The Top 10 Labels for the Best Artwork of 2015
With digital audio prevailing over records, some may feel the importance of album artwork is lost without having a tangible item to hold. But in a sea of tracks online, the visual impact of the artwork often connects with the eyes far before the sound hits the ear, and serves to visually entice a potential listener. Beautiful and memorable artwork such as these bridge the gap between both creative worlds of art and music. Several labels stand out as having a very distinct, consistent, and instantly recognizable artwork style, with the quality of the art high enough to stand on its own. In no particular order, these are the 10 labels with the most innovative, eye-catching, and creatively interesting artwork of 2015:
Berlin-based Save Us has had some of the most uniquely-styled colorful and surreal artwork, illustrated beautifully by artist Šumski.
Adam Beyer’s techno label Drumcode again wowed us with their abstract sketched dark and psychedelic artwork, beautifully detailed, with attention-grabbing pops of color.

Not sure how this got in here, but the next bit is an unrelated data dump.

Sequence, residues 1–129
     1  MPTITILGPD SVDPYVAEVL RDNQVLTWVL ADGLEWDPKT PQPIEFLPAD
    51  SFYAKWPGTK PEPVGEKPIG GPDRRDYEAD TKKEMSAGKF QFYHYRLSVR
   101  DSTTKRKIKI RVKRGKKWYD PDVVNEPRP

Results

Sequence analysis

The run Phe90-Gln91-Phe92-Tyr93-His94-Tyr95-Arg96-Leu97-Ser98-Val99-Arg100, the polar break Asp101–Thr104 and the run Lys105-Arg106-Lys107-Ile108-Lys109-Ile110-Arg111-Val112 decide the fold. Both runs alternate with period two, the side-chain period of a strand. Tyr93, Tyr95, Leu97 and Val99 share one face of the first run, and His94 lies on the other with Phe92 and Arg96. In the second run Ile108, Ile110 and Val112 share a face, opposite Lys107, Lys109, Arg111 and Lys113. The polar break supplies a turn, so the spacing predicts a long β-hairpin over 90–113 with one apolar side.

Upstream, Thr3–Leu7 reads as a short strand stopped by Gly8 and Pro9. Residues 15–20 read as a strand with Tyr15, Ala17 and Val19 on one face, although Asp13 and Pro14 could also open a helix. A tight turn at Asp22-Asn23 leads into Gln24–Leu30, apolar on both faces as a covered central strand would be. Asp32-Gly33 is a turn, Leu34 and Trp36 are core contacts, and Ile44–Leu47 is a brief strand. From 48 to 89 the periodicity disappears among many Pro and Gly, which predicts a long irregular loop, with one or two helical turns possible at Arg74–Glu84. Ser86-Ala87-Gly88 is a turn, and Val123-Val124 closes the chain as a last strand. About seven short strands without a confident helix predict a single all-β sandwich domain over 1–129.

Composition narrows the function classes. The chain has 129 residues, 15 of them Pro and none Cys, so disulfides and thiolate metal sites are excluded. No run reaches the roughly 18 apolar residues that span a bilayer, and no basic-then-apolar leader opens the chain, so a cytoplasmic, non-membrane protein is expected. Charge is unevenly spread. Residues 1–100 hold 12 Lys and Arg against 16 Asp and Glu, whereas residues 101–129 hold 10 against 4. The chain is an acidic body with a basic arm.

Creatively quirky, colorful cartoons characterize Crossfrontier Audio’s artwork, by artist Stella Gelesh.
Dirtybird’s artwork consisted of strangely-assembled yet adorable animal mash-ups, by artist Raoul Deleo.
Alex Niggemann’s AEON artwork style was comprised of minimal yet interesting composites by Alland Byallo.
Life and Death
Dark, oft mysterious designs typified Life and Death’s art.
Maceo Plex’s Ellum featured geometric shapes with interesting content and textures.
Canadian imprint No.19 featured darkly themed stylism in cool and slightly unusual sketches, by Kirsten Brophy.
2015 saw a change in artist from the previous year for Soul Button’s Steyoyoke label, but creative design remained consistent, with art by Stella Gelesh and BLANCah.
Amsterdam-based SUBJEKT, an offshoot imprint from Armin van Buuren’s Armada Music umbrella, features subdued and moody artwork featuring classical statue motifs.
Einmusika’s uniquely stylized artwork by Ben Tauber is simplistic yet impactful.
Edu Imbernon’s Fayer label art is intriguingly dramatic, featuring suited characters with faces unusually replaced with what appears to be high-magnification microscopy imagery.